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Best Cosy Books

Repossessed (PAPERBACK)

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PAPERBACK. Book 6 of this USA Today Bestselling cozy mystery series, Witch Woods Funeral Home. 

What’s worse than being possessed? Repossessed...

Laurel thought seeing her mother possessed was bad, but she finds it hard to keep up her spirits when Thelma is struck by lightning and possesses a man with a less than wholesome reputation. 

There will be grave consequences when Thelma, who is not in her own body, is the main suspect in a murder, and Ian goes camping. 

Will Thelma give up the ghost? Will Laurel solve the murder in due corpse?

It's a dead certainty that this is the new paranormal.


 Paperback 210 pages
 Dimensions  5 x 0.48 x 8 inches (127 x 12.26 x 203 mm)
 ISBN 9781922420626
 Publication date  June 16, 2020
 Publisher  Best Cosy Books

Read a Sample


My phone rang, the ringtone a repetition of the mournful hymn: ‘In Sin I Wander’d Sore and Sad.’ I swung around, irritated. Mum had changed my ringtone again when I wasn’t looking. For somebody who barely knew how to turn on a computer, she could sure do tech when she was motivated.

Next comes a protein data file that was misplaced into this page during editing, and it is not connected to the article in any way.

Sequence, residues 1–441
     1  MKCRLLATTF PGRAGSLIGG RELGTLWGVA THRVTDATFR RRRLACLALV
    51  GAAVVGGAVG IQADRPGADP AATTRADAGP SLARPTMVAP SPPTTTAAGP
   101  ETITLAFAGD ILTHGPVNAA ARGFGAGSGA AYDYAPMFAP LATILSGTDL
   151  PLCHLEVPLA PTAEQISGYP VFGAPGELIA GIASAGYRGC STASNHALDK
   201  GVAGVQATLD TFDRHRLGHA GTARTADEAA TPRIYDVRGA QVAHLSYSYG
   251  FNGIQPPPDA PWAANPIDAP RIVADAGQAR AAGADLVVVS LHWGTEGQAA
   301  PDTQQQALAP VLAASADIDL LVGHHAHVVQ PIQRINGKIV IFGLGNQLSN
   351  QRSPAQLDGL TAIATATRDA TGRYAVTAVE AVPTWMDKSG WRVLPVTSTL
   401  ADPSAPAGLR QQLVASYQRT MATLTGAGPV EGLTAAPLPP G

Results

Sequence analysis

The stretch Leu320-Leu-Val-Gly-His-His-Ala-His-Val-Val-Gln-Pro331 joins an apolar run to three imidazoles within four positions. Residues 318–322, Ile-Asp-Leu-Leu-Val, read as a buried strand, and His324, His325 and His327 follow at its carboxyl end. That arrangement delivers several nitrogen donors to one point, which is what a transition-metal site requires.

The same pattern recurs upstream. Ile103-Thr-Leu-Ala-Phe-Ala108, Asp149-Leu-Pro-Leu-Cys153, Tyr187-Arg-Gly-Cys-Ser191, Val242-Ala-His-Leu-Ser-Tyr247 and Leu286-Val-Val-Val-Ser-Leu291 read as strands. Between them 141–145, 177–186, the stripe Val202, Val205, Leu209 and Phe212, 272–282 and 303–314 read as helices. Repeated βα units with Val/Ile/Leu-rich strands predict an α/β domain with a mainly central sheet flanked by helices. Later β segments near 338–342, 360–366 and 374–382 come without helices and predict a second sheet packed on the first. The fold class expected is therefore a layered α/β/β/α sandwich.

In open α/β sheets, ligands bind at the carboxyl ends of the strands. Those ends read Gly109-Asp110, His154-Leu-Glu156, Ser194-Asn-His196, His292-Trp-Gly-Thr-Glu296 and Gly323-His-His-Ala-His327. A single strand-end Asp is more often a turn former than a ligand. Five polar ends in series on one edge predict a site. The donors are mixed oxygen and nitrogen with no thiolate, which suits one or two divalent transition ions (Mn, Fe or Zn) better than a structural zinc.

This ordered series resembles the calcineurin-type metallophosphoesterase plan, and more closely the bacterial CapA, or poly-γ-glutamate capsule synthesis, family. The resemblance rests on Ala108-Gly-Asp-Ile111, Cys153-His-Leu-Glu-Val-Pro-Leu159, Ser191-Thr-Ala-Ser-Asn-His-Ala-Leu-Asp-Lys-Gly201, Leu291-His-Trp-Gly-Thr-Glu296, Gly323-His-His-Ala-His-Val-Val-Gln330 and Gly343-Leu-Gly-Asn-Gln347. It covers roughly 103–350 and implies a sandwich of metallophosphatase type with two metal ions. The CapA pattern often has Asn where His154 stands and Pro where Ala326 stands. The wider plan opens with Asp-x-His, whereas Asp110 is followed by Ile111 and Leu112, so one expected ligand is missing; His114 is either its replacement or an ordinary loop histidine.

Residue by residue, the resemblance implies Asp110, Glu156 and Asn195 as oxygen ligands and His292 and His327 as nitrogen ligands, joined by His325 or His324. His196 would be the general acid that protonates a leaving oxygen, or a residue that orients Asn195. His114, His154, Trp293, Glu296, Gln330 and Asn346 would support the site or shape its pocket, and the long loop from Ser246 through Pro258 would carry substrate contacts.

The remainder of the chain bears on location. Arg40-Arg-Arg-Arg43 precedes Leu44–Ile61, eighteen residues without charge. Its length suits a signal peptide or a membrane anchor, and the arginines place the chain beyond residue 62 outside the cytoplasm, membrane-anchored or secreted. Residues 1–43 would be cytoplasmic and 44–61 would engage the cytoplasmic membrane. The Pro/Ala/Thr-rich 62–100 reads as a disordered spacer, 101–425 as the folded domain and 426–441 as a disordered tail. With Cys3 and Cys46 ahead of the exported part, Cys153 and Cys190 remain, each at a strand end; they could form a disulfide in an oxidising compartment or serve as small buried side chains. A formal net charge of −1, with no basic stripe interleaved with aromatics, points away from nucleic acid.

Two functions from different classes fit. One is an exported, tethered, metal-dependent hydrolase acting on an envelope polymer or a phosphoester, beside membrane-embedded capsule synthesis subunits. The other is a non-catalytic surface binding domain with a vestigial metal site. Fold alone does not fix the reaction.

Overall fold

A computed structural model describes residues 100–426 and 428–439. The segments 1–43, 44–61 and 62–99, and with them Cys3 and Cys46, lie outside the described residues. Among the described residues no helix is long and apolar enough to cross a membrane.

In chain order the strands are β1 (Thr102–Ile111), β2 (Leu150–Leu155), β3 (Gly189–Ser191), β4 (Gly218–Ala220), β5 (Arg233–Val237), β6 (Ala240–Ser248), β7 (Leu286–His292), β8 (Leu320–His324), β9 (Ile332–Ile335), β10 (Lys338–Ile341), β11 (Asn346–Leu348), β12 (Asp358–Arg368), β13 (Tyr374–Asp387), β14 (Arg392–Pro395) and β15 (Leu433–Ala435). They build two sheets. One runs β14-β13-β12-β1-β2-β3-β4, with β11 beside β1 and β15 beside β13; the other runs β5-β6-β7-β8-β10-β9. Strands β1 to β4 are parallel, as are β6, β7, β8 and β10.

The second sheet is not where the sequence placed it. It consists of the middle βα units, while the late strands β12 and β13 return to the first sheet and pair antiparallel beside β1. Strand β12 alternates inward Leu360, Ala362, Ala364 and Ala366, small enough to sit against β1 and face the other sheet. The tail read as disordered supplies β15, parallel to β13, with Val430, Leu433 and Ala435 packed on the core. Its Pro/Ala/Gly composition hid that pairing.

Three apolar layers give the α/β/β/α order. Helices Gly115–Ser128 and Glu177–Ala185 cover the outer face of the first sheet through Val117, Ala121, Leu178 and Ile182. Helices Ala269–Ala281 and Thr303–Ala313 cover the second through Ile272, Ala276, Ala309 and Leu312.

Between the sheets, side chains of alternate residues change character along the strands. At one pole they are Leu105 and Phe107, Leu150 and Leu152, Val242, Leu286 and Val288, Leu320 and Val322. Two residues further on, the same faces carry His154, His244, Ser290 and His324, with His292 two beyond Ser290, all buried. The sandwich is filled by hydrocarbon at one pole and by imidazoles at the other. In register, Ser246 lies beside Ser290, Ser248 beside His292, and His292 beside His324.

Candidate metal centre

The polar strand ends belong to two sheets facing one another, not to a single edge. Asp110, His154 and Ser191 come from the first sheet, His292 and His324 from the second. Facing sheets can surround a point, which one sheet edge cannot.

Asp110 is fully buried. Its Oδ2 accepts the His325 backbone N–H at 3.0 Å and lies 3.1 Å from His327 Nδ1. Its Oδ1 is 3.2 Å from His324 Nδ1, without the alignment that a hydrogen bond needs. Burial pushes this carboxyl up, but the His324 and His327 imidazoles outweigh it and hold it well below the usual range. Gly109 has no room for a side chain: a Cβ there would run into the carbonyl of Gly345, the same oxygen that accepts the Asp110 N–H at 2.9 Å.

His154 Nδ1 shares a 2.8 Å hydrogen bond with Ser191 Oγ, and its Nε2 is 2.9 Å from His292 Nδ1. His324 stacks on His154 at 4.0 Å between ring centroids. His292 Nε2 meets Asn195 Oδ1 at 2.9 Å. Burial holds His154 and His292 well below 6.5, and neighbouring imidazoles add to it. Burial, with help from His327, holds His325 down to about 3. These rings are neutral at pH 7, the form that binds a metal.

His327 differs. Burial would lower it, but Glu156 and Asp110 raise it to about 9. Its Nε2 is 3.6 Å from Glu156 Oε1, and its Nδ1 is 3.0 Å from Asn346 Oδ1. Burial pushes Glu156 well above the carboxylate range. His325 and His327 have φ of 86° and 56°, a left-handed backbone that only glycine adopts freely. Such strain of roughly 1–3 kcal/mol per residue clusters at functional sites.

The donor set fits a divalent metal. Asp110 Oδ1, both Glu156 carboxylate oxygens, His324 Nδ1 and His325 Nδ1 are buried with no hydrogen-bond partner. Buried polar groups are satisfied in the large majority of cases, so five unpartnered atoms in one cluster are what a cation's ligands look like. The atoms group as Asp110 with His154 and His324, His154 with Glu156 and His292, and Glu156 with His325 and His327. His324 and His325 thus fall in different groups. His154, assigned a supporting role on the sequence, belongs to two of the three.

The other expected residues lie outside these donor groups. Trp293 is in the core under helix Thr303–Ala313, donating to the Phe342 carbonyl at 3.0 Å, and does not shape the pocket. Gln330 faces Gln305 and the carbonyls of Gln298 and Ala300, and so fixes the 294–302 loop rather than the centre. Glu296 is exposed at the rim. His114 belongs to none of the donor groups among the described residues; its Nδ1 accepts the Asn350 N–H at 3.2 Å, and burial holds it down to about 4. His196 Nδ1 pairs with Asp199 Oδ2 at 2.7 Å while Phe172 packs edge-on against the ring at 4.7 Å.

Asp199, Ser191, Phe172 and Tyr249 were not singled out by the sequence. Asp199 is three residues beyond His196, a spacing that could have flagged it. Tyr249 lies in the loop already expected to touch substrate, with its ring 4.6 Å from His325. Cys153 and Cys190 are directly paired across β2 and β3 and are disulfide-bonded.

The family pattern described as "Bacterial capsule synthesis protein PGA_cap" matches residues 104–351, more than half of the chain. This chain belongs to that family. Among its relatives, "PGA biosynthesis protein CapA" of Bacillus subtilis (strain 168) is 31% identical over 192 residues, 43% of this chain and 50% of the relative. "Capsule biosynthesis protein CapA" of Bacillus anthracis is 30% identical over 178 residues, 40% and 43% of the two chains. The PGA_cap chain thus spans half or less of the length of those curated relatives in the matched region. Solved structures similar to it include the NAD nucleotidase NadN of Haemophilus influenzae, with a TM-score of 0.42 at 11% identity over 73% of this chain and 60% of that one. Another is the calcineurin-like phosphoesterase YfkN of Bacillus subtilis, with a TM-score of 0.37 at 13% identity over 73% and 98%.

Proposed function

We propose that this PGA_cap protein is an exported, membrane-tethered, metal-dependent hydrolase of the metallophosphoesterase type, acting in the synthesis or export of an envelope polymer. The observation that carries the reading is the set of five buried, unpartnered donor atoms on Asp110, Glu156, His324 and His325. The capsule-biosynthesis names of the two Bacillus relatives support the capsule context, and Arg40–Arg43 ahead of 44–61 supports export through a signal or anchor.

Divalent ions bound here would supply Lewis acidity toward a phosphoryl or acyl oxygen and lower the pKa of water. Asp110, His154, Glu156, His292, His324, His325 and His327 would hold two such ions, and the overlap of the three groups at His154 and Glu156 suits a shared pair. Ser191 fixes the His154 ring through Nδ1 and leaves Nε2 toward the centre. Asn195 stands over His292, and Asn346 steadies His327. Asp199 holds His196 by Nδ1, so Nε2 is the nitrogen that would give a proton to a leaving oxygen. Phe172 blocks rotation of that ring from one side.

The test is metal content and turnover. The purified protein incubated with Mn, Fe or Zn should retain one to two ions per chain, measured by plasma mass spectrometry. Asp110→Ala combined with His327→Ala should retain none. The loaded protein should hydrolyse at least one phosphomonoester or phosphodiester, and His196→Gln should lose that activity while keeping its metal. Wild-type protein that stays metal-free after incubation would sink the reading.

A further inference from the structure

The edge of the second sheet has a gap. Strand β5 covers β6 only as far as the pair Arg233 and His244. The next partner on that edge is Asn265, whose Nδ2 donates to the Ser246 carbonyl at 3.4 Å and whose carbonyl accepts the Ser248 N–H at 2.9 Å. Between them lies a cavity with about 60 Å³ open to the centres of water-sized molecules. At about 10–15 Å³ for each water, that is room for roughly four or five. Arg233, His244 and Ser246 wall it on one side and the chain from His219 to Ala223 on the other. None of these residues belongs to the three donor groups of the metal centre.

Her voice blared down the phone. “Laurel, I have Irish ancestors! Ian showed me how to work the ancestor website.”
“Hello, Mum. Well, that’s good news. I’m glad I have Irish ancestors.”
Mum huffed. “You don’t have Irish ancestors, Laurel. I do.”
I wasn’t about to explain it to her. I pulled a face, both at her comment and at the mention of Ian, Mum’s particularly irksome and much younger church friend. I was about to hang up, when she added, “Come here right now. Remember I rented a room to that nice man, Dylan Jackson? He just called to say he’d be a day early. Come over and help me get his room ready.”
“Okay.” I hung up. The so-called nice man, Dylan Jackson, was well known around town. He had an eye for the ladies and liked to party hard. He now lived in Sydney, but people in this town still spoke about him, so great was his infamy. In fact, his brother had refused to allow him to stay with him, which is why Dylan was renting a room from Mum for the duration of his visit.
I jumped at the loud thunderclap. I pushed the pile of papers across my desk and walked to look out the window at the two sheep grazing happily in the paddock opposite my office. The grass was dry and parched. I hoped the thunderstorm would bring some decent rain.